For job seekers, it’s the ultimate ironic failure: “Sorry, we can’t hire you…because you’re too qualified.” For the company, it’s a form of instinctual risk management, a (sometimes irrational) way to deal with a situation that doesn’t fit the norm.
The fear generated by an overqualified hire comes from an implied uncertainty. Is there something secretly wrong with them or their abilities? Can we keep them long term? Will this person jump to a different position at another company the first chance they get?
However, as an employer there is a danger to overthinking the situation. Bringing in a highly qualified candidate – even one that might be considered “overqualified” – is the purpose of a job search.
As to the perceived longer-term danger, there are plenty of reasons an overqualified person would apply for one of your positions.
Maybe they are looking to restart their career in a new field and need to build the appropriate resume. Maybe they want to stay close to family and your position offers the best opportunity in the right geographical area. Or maybe some individual aspect of the position speaks to them - a flexible schedule, a chance to work at a startup, etc.
By turning away seemingly overqualified candidates, you may be robbing the company of a great hire. Here are a few ways you can benefit from bringing someone who might be considered “overqualified”:
Easier to Train
A highly qualified candidate often doesn’t need the same hand-holding during the onboarding process. Presumably, the same abundance of training and experience that worried you in the hiring stage gives them a head start in the basics.
Add New Energy (And New Ideas)
Underqualified employees can become deferential. They are overcoming a learning curve, trying to keep up. They might not have the experience necessary to perceive every situation’s nuances and potential opportunities.
But an employee with a more extensive background doesn’t need to suffer the same handicap. They can attack even the most complicated scenarios with confidence and clarity.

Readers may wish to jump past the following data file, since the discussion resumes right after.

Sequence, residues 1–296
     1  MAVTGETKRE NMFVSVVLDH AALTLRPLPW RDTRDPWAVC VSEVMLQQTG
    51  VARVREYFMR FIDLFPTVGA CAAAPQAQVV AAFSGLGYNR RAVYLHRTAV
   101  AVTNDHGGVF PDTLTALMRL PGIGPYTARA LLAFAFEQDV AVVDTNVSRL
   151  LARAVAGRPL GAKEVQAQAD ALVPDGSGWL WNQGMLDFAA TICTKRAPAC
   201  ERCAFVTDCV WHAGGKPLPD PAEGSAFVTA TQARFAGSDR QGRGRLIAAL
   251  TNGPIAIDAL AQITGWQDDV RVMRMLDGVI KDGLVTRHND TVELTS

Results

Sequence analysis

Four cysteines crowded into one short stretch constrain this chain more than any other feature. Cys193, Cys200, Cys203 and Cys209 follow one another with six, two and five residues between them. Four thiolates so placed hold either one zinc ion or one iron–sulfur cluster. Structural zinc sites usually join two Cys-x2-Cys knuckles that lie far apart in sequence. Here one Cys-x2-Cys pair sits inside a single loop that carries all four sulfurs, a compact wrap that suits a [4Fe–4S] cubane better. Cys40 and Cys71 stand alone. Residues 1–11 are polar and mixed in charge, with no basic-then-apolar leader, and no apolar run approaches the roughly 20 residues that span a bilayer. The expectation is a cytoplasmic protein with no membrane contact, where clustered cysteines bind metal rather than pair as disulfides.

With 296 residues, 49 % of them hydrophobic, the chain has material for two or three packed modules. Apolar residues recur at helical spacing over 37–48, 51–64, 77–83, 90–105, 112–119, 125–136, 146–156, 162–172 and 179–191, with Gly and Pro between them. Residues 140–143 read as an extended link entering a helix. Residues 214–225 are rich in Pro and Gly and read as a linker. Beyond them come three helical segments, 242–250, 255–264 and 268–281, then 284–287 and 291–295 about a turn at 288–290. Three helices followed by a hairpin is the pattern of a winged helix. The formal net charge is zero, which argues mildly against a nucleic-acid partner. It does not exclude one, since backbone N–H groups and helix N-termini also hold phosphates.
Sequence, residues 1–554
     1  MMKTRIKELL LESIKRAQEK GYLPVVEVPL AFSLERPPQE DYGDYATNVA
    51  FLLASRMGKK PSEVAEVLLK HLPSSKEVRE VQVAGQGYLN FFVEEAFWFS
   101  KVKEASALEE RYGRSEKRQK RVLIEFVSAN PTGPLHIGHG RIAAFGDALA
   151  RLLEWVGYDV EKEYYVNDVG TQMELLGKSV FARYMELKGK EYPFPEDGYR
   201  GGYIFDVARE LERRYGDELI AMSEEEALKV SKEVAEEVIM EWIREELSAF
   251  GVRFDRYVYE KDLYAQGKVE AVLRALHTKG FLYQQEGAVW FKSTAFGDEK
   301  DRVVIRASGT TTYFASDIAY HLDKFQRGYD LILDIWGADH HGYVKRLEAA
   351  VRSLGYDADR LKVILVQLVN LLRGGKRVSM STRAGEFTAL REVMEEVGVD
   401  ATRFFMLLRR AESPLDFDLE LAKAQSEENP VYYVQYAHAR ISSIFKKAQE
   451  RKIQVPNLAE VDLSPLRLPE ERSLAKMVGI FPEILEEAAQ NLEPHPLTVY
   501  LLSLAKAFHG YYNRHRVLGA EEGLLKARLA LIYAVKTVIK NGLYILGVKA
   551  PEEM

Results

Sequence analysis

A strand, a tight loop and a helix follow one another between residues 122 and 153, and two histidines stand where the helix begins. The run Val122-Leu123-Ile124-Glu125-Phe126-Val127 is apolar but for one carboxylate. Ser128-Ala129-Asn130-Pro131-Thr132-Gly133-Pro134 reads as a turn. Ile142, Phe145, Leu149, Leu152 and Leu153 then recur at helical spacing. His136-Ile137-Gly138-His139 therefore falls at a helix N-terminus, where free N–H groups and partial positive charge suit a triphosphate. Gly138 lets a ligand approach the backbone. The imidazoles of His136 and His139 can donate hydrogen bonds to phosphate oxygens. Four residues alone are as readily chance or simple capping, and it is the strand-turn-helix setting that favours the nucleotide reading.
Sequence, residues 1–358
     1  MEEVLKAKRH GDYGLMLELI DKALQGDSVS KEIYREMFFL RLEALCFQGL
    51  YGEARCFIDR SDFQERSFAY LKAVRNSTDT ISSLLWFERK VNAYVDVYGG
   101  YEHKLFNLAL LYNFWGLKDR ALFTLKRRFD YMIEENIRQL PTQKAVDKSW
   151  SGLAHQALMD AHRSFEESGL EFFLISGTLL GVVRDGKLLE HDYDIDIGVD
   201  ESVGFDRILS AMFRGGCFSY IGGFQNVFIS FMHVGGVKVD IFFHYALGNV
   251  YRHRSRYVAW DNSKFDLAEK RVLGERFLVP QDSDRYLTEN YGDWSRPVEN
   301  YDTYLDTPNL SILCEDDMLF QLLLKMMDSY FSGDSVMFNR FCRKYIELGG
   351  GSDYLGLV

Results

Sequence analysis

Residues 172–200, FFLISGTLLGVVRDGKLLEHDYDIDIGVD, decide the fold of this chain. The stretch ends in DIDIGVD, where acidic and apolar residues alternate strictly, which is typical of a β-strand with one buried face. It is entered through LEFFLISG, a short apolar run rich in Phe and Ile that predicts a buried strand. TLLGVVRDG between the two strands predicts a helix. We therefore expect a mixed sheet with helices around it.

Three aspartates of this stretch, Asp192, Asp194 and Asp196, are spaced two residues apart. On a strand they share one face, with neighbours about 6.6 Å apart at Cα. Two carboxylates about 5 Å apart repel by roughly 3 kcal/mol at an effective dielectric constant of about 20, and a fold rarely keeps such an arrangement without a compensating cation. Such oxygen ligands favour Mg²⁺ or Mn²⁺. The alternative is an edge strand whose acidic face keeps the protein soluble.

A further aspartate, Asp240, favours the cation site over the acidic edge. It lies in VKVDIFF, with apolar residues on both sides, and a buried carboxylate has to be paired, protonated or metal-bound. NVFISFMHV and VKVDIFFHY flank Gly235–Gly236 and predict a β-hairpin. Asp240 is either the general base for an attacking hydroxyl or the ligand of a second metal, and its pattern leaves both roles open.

It’s common enough in sports to have become a cliché: Bring in the cagey veteran to show the young up-and-comers how to play the game right. By example, and by virtue of their experience, they become the catalyst for team chemistry and the locker room glue.
Bring that dynamic into your team. By hiring a candidate that has more experience than the position calls for, you create a natural mentoring opportunity. Not only will you get the benefit of a top new employee, but your younger employees could see accelerated growth.
A mentor is an ambiguous and honorary distinction. Leadership is more concrete. Along with the vague benefits of mentorship, overqualified candidates have the potential for official leadership positions.
Because of their significant experience, your new worker might be well positioned for the fast-track to a leadership role. The main concern about overqualified candidates comes from the fact they may leave quickly for a better opportunity. By making a promotion a possibility, they can follow their ambition within your organization, lowering the risk of making the hire in the first place.
Highly qualified candidates (and even overqualified ones) provide the life blood of your business. United Personnel, a leader in the recruiting industry, can provide the type of talent you need to expand your business and make your organization thrive.
Contact us today to find out more.